In my last post, I discussed the importance of implementing key elements to effectively and efficiently respond to cyber incidents. I want to use this post to drill down on one of those elements in particular: tabletop exercises (aka, tabletops). Regularly practicing tabletop exercises is an excellent way to train the organizational 'muscle memory' of processes and communications that are crucial when responding to a cyber incident.
Here is a useful definition:
"Tabletop exercises are discussion-based [or simulation-based] sessions where team members meet in an informal, classroom ['war room' or remote] setting to discuss [simulate, play] their roles during an emergency [for our purposes, a cyber incident] and their responses to a particular emergency situation."1
Tabletop exercises for cyber incidents can be conducted in various forms with different goals and outcomes depending on what is being simulated. The ultimate goal of a tabletop exercise is to practice processes and communications for identified internal and external stakeholders/participants—but more importantly, to identify gaps and areas of improvement in those processes and communications.
When planning a tabletop exercise, it is important to specify the outcomes/goals you are trying to achieve. Maybe it is to test technical response capabilities and playbook processes for the internal cyber security and incident response team (CSIRT). Or maybe it is to see how senior leadership engages third parties in the response effort and how they communicate a cyber incident to external stakeholders. Either way, these practice outcomes will define the audience and the different ways a tabletop exercise might be delivered.
Below, I highlight a few different approaches to tabletop exercises and how each can benefit an organization in practicing and improving its cyber incident response capabilities for different audiences:
- Technical: A technical tabletop is often delivered with paper or PowerPoint-based scenarios where the internal CSIRT 'plays along' and responds to injects (individual steps or occurrences of a scenario) so as to rehearse detection, containment and response processes in order to identify technology, resource and/or procedural gaps. A third-party incident response firm that often augments internal CSIRTs can be brought into such an exercise to test rules of engagement, the engagement process and any possible communication gaps between the two parties.
- Executive- or communication-based: This type of exercise does not focus on the technical aspects of a cyber incident response scenario. Instead, leadership teams are presented with technical outputs and findings from the technical response stream and are required to make decisions based on that information. These decisions might include how and what to communicate to internal and external stakeholders about the cyber incident, or when and which third parties to bring in for support.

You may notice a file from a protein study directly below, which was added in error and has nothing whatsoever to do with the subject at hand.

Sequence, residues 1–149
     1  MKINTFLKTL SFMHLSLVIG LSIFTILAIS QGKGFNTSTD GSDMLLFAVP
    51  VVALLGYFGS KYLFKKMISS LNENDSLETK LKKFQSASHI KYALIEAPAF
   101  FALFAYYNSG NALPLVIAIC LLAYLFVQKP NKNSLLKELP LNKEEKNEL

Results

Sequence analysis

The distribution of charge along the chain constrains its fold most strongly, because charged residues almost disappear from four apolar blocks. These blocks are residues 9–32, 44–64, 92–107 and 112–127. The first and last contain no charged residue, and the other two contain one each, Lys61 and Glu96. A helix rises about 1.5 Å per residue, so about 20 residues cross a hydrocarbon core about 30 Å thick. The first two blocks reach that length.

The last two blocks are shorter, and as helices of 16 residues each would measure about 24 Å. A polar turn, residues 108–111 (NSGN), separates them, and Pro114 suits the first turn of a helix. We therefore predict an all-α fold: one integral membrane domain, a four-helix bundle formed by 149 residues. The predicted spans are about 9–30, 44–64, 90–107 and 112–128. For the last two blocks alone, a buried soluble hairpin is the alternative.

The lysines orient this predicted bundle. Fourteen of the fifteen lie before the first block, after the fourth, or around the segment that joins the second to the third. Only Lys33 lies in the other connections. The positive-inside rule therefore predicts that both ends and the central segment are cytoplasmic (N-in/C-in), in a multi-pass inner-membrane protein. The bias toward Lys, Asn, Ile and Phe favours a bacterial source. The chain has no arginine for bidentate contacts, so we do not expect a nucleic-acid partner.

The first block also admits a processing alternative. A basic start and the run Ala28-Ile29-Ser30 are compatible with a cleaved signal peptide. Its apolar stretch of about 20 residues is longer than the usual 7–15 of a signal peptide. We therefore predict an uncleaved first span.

- Interactive, multimedia-based: Here we focus on providing a more realistic scenario from the traditional paper/PowerPoint-based exercises. Injects are becoming more realistic through audio and visual cues. The ability to divide participants into different war rooms allows us to observe how they interact differently among themselves and with other participants. This can be extremely helpful to train teams that are organizationally and geographically disbursed and have to respond to a cyber incident remotely, especially during times of a pandemic such as COVID-19 where most, if not all, of the teams are required to work remotely.
- Hands-on cyber range: Paper/PowerPoint-based tabletops are only simulations, even when audio and visual effects are included. A hands-on cyber range exercise allows CSIRTs to realistically respond and train for a cyber incident in a simulated environment that mimics the organization's actual environment. Teams will use technology stacks and response tools similar to the ones available to them during their day to day operations. This degree of practical exercise not only allows the CSIRT to practice their response processes and behaviours in a familiar environment but also allows observers to review how the teams respond together when trying to contain the incident. Putting the teams "through the trenches" like this in turn enhances a true spirit of teamwork.
No matter which tabletop approach an organization chooses (in some cases, the different approaches can be rotated for greater overall effectiveness), the key is to determine the outcome and the scope of the exercise so it can be most effective in training the participants.
It is often said that practice makes perfect. Unfortunately, cyber incidents come with many unknowns, which means there is no way to guarantee 100% preparedness. But processes, communications and other key components of incident response can be practiced—so that even if you can't achieve true perfection, you can call upon the training during times of crisis to improve outcomes and minimize negative impacts.
Looking to introduce tabletop exercises to your organization's cyber preparedness strategy? Send me a note—and let the games begin.
1 Source: United States government, Ready Campaign, 2016.
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